Do you follow proper portions?
Raise your hand in you’ve tried counting calories or monitoring macros before. I, Kalie, am guilty on both accounts. I’ve tried both methods in an attempt to combat things like:
- Continuing to eat when I’m full
- Sneaking a nibble of something I know I shouldn’t eat
- “Taste testing” while cooking
- Skipping meals, ultimately causing me to overeat later
The thing about tracking every single calorie and macro (in my experience) is that you inevitably end up getting frustrated because you can’t keep up with it OR you become so obsessed with tracking every last detail of each meal that it becomes exhausting and takes the fun out of eating. Neither of these are beneficial OR necessary to maintain a healthy weight.
Rather than counting macros or calories, use the following tips below to make healthy changes!
Tips to practice portion control without counting calories or tracking macros
Spread your meals out.
When you spread your calories over the course of a day by eating several small, nutritionally balanced meals, or by including snacks to bridge the gap between meals, you’ll have less of a desire to cheat knowing your next meal is only a few hours away. You’ll also keep your metabolism elevated, feel more energetic and help keep your blood sugar regulated.
You can never indulge in too much water. Not only is thirst often confused for hunger, drinking water before a meal aids in portion control because it helps you feel full.
While cooking, only taste test when it’s absolutely necessary.
When it comes to portion control, this is one of my biggest struggles. I LOVE to try what I’m cooking. When I began paying attention to how many times I tasted “a bite,” I quickly realized I ate half a meal before it was even plated! Since becoming aware of this, I make a conscious effort to keep my sampling to a minimum and only do so when I’m unsure of flavor combinations.
Use a small plate.
Eating off of a smaller plate not only reduces the amount you serve yourself, it tricks your mind into thinking there’s more food portioned out on your plate. Rather than taking into account the size of the plate, your mind pays more attention to how much the plate is filled, even if it’s the same amount of food.
While I often give my hubby a large plate to eat off of, I always choose a small-size plate for myself. This has helped me grasp proper portion control without feeling like I’m just eating a snack.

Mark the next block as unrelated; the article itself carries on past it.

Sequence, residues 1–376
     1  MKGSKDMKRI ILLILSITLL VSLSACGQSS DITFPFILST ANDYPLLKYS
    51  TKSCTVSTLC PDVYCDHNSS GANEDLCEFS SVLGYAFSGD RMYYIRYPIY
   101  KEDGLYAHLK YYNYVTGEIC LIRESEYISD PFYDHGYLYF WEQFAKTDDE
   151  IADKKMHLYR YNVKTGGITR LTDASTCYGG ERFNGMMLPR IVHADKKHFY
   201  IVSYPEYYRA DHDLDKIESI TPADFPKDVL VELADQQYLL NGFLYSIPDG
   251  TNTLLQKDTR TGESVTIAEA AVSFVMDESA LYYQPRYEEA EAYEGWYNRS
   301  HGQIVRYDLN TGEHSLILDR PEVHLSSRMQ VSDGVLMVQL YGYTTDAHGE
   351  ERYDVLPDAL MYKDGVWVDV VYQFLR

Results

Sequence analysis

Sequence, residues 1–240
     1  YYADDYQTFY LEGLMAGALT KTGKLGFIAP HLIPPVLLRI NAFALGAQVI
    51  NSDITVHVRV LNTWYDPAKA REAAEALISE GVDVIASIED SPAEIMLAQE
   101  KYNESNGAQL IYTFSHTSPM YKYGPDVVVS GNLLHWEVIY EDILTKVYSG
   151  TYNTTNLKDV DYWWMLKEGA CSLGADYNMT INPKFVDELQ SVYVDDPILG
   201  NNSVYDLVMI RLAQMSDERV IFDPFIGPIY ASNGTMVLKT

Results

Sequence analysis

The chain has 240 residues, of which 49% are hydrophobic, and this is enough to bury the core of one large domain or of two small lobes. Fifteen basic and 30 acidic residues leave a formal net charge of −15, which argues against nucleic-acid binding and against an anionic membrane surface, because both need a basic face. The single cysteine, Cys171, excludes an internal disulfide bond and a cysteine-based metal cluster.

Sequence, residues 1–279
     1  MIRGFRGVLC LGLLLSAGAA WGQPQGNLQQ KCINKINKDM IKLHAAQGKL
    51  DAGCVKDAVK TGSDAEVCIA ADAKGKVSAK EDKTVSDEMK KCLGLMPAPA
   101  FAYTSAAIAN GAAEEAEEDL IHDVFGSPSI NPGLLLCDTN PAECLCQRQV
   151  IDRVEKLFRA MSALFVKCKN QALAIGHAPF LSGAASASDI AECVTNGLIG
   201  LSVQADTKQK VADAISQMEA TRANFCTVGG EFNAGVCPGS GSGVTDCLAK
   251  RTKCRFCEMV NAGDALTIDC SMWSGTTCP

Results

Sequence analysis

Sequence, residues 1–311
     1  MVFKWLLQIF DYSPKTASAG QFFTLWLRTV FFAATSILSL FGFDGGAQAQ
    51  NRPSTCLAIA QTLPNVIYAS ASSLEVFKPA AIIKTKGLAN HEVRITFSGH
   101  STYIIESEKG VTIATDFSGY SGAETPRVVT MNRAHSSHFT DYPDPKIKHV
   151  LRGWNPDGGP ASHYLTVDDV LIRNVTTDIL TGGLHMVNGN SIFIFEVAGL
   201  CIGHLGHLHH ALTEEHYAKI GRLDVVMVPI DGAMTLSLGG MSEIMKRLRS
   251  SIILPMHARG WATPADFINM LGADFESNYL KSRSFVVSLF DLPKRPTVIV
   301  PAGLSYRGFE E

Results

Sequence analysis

Start paying attention to your serving sizes and the balance between food groups on your plate.
Whenever plating your food, take a look at how much of each food group you’re including. If you’re a visual gal like myself and being able to look at your hand to determine how much of something you should be eating (a palm-size amount of meat) or relate portions to tangible things, such as a ping pong ball-size amount of fat (like nut butter), the guides in our digital download bundle Well-Balanced Meals Made Easy will become your new best friend.
Take a few minutes before serving yourself seconds.
On average, it takes 15 minutes for your brain to realize you are full. Therefore, stop eating before you actually feel full! When you’re finished eating a meal, immediately put the leftovers away and out of sight.
Don’t deprive yourself of certain foods so you're driven to binge eat later.
It’s important to allow yourself an irresistible meal or delectable treat on occasion to help keep you satisfied. That’s where The 80/20 Approach comes into play (80% of the time aim to eat healthy, 20% treats). The math is simple: If you eat three well-balanced meals a day, four meals a week are reserved to indulge in your favorites. This rule teaches you balance and moderation, a concept that doesn’t exist in fad diets.
By allowing yourself treats 20% of the time, you feel satisfied without the crazy cravings or the need to count calories. Remember, balance is key!
Determine where your struggle stems from and address it.
If you binge eat because you skip meals and have no self-control when it comes to meal time, stop skipping meals. If you get home from work late and overeat out of pure hunger, start packing a small mid-day snack instead. Take a look at your patterns and determine where you’re struggling. Then come up with a plan of action to address your struggles.
If you thrive off of accountability, try one of our resources.
- FfL’s Healthy Living Log: This is a great tool to track your general eating patterns and create accountability. You’ll make space for healthy habits and personal goals in a way that actually works.
- Break Free from Emotional Eating: If you struggle with emotional eating, this proven method will help you to identify the underlying issues behind your food struggles and say goodbye to emotional eating so your mind is free to focus on bigger and better things.